Grace Watanabe has been through some great difficulties in her 97 years on this planet. When she was young, she survived the hardships of living in a Japanese internment camp during World War II. In her later years, she developed a debilitating case of dementia which left her in need of round-the-clock care at a nursing home. And now, she’s dealing with the loss of much of her life savings to the very people who were supposed to be taking care of her.
Staff members at Symphony Residences of Lincoln Park have been accused of stealing a whopping $850,000 from the elderly woman in the form of personal checks. The staff members in question could not be reached for comment, but they’ve reportedly said that Watanabe authorized the checks as gifts to them to thank them for their care.
The forged checks were written out for huge amounts like $10,000, $30,000, and $50,000 each. Staff members also allegedly used Watanabe’s personal passwords and PIN numbers to withdraw money from ATMs and electronic withdrawals.
“The duty was to take care of her, and she had no family to take care of her and watch over her,” says concerned citizen Maile Solis.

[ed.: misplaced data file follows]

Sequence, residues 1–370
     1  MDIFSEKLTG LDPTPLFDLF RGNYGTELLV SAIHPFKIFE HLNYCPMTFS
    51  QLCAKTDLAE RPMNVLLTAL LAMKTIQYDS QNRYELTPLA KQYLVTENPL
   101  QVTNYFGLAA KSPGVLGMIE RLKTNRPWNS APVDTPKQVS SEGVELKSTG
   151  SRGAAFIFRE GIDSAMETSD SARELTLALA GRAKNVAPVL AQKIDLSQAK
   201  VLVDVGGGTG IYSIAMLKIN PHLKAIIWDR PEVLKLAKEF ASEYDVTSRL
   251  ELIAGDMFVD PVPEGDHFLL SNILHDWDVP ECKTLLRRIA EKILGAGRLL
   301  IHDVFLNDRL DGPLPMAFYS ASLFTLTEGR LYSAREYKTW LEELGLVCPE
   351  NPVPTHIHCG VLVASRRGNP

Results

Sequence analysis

Two individual employees are believed to have stolen the majority of the money, explains Dawn Lawkowski-Keller of Cook County Public Guardian. “Christina Wright, assistant activities director, she took well over $300,000 from Ms. Watanabe and then Tameeka Wolfe and her daughter, who took well over $280,000.”
“It’s a shocking betrayal of trust and theft,” says attorney Steve Levin.
The care home management was shocked to learn what had happened and is doing everything in their power to ensure nothing like this happens again in their facility, including cooperating totally with the investigation.
“The employees suspected of involvement are no longer employed at the facility, and all staff were retrained in company policies relating to receiving gifts from residents and their families. The team at the Residences has done everything in its power to prevent this from happening again,” a statement from Symphony Residences read. “If they were supervising their employees appropriately, we don’t believe this would have happened.
The seven care home workers could now be facing charges for their alleged crimes. The case will go to court in January. It is unclear at this time whether any of Ms. Watanabe’s funds will be able to be recovered.
Watch the video below to hear from more concerned citizens who are fighting for justice for Ms. Watanabe.
Elizabeth Nelson is a wordsmith, an alumna of Aquinas College in Grand Rapids, a four-leaf-clover finder, and a grammar connoisseur. She has lived in west Michigan since age four but loves to travel to new (and old) places. In her free time, she. . . wait, what’s free time?